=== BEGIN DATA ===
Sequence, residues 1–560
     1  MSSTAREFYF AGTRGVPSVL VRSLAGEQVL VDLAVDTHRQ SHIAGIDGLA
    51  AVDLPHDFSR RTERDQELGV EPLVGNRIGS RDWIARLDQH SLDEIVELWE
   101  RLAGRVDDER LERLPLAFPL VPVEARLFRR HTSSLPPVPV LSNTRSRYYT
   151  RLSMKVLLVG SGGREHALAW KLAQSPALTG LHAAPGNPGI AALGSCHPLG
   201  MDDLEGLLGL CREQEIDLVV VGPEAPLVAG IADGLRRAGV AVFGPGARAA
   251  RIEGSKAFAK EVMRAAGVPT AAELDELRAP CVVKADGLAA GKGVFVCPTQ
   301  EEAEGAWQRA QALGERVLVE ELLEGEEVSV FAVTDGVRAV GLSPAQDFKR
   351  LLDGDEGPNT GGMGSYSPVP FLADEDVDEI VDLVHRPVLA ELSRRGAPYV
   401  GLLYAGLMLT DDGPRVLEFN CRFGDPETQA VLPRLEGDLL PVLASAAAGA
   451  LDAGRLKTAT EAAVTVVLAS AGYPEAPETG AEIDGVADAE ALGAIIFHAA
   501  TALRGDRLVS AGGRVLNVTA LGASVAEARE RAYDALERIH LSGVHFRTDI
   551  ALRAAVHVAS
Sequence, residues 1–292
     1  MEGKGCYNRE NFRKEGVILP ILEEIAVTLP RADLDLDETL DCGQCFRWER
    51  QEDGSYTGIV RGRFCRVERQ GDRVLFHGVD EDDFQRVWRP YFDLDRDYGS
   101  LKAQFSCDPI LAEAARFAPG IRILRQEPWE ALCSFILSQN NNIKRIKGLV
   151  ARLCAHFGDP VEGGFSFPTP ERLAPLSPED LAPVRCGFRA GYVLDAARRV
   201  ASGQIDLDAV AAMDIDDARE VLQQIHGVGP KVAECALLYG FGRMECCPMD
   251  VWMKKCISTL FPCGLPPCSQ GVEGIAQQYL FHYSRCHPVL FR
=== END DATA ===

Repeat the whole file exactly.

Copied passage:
Sequence, residues 1–560
     1  MSSTAREFYF AGTRGVPSVL VRSLAGEQVL VDLAVDTHRQ SHIAGIDGLA
    51  AVDLPHDFSR RTERDQELGV EPLVGNRIGS RDWIARLDQH SLDEIVELWE
   101  RLAGRVDDER LERLPLAFPL VPVEARLFRR HTSSLPPVPV LSNTRSRYYT
   151  RLSMKVLLVG SGGREHALAW KLAQSPALTG LHAAPGNPGI AALGSCHPLG
   201  MDDLEGLLGL CREQEIDLVV VGPEAPLVAG IADGLRRAGV AVFGPGARAA
   251  RIEGSKAFAK EVMRAAGVPT AAELDELRAP CVVKADGLAA GKGVFVCPTQ
   301  EEAEGAWQRA QALGERVLVE ELLEGEEVSV FAVTDGVRAV GLSPAQDFKR
   351  LLDGDEGPNT GGMGSYSPVP FLADEDVDEI VDLVHRPVLA ELSRRGAPYV
   401  GLLYAGLMLT DDGPRVLEFN CRFGDPETQA VLPRLEGDLL PVLASAAAGA
   451  LDAGRLKTAT EAAVTVVLAS AGYPEAPETG AEIDGVADAE ALGAIIFHAA
   501  TALRGDRLVS AGGRVLNVTA LGASVAEARE RAYDALERIH LSGVHFRTDI
   551  ALRAAVHVAS
Sequence, residues 1–292
     1  MEGKGCYNRE NFRKEGVILP ILEEIAVTLP RADLDLDETL DCGQCFRWER
    51  QEDGSYTGIV RGRFCRVERQ GDRVLFHGVD EDDFQRVWRP YFDLDRDYGS
   101  LKAQFSCDPI LAEAARFAPG IRILRQEPWE ALCSFILSQN NNIKRIKGLV
   151  ARLCAHFGDP VEGGFSFPTP ERLAPLSPED LAPVRCGFRA GYVLDAARRV
   201  ASGQIDLDAV AAMDIDDARE VLQQIHGVGP KVAECALLYG FGRMECCPMD
   251  VWMKKCISTL FPCGLPPCSQ GVEGIAQQYL FHYSRCHPVL FR